AIA is a model of immune mediated joint inflammation induced by administration of methylated bovine serum albumin (mBSA) into the knees of immunised mice. The severity of arthritis in leptin and leptin receptor deficient mice was reduced in this model.6 The milder form of AIA seen in ob/ob and db/db mice, as compared with their controls, was accompanied by decreased synovial levels of interleukin (IL)1β and tumour necrosis factor (TNF)α, decreased proliferative response to antigen of lymph node cells in vitro, and a switch towards production of Th2 cytokines.6 Serum levels of all isotypes of anti-mBSA antibodies were significantly decreased in arthritic ob/ob mice as compared with controls. In AIA, leptin thus probably contributes to joint inflammation by regulating both humoral and cell mediated immune responses.


The innate immune system has a major role in the regulation of leptin production. In experimental animal models, leptin levels are acutely increased by inflammatory and infectious stimuli, such as lipopolysaccharide (LPS), turpentine, and proinflammatory cytokines.14,15 The increase in leptin production during infection and inflammation strongly suggests that leptin is part of the cytokine cascade, which orchestrates the innate immune response and host defence mechanisms. However, both pro- and anti-inflammatory effects have been described for leptin according to the experimental model investigated.

In vitro, leptin stimulates both pro- and anti-inflammatory cytokine production in monocytes and macrophages.16–19 Macrophages isolated from ob/ob mice show increased basal expression of IL6 and seem to be constitutively activated, implying that leptin may inhibit macrophage activation in vivo.20 However ob/ob mice also display impaired innate host response to bacterial pneumonia, indicating that here leptin plays an important part in the activation of host defence against infection.21 Finally, leptin deficient mice display an increased sensitivity to TNFα and LPS induced lethality, indicating that a functional leptin system confers protective anti-inflammatory effects against these systemic proinflammatory stimuli.18,22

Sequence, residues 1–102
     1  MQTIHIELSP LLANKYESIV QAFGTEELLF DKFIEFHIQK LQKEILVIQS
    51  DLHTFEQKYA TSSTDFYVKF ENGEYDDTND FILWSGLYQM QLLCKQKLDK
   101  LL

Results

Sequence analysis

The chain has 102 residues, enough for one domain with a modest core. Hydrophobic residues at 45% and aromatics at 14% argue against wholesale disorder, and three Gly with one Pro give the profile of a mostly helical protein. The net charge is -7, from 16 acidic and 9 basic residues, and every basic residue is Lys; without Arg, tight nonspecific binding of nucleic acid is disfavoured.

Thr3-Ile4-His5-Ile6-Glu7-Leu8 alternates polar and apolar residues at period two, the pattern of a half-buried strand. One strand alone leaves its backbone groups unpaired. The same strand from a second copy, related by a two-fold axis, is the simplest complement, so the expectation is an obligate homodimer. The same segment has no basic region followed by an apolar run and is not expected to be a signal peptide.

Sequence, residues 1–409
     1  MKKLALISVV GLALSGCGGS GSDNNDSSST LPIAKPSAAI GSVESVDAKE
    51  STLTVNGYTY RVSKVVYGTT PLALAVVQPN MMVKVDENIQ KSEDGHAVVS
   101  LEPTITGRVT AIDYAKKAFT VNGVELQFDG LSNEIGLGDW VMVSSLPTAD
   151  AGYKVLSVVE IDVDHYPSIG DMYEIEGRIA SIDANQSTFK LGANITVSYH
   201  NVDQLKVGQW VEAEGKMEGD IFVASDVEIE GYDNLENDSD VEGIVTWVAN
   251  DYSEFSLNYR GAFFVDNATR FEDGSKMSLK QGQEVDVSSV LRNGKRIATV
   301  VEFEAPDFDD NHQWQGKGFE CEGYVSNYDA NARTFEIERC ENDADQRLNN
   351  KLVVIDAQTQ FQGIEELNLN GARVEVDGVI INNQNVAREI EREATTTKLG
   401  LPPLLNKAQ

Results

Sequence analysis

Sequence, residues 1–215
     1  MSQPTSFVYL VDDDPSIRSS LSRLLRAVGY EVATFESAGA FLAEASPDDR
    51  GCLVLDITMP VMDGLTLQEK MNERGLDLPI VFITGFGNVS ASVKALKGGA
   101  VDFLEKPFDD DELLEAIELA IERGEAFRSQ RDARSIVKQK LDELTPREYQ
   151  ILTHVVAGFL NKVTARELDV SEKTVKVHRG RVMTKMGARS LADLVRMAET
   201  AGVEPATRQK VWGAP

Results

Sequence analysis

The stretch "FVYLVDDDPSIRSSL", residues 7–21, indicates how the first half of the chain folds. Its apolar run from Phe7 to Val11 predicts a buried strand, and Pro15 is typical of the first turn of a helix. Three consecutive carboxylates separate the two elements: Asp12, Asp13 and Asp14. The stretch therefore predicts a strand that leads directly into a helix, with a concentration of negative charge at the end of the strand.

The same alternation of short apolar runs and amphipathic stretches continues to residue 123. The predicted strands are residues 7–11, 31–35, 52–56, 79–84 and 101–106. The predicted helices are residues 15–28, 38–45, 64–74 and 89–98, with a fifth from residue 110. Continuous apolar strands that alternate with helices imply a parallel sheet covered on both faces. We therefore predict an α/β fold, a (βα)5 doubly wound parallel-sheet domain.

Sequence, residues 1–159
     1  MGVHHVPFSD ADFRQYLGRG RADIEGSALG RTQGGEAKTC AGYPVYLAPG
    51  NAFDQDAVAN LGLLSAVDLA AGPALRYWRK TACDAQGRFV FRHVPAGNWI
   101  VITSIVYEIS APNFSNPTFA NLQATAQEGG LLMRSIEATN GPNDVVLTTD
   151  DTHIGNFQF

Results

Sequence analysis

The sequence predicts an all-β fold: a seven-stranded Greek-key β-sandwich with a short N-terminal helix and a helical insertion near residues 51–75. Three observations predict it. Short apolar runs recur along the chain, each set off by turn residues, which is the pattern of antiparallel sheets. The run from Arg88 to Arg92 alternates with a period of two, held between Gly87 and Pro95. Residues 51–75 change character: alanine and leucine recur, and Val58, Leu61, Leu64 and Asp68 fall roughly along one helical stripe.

The intravenous injection of Staphylococcus aureus results in a severe form of septic arthritis in mice, which is associated with decreased circulating levels of leptin. In this model, treatment with leptin significantly decreased the severity of arthritis without interfering with the staphylococcal load in the joints.23 Preceding the effect on joint manifestations, serum levels of IL6 decreased in mice treated with leptin. In this model of septic arthritis, leptin thus reduced both the severity of joint manifestations and the inflammatory response. Similarly, we recently explored the role of leptin in zymosan induced arthritis (ZIA), a model of monoarticular arthritis which is not dependent on the adaptive immune response (Bernotiene E et al, unpublished data). In contrast with AIA, ZIA was not impaired in ob/ob and db/db mice. On the contrary, the resolution of joint swelling in ZIA was delayed in the absence of leptin or leptin signalling. The acute phase response, assessed by measuring circulating levels of IL6 and serum amyloid A, remained higher for a longer period of time in ob/ob mice than in control littermates. Furthermore, histological features of arthritis tended to be more severe at late time points in ob/ob mice. The delayed resolution of ZIA in ob/ob and db/db mice suggests that, in this model, leptin displays anti-inflammatory properties. As previously observed with systemic proinflammatory stimuli,18,22 leptin may thus also be involved in the control of local inflammatory events in the joint.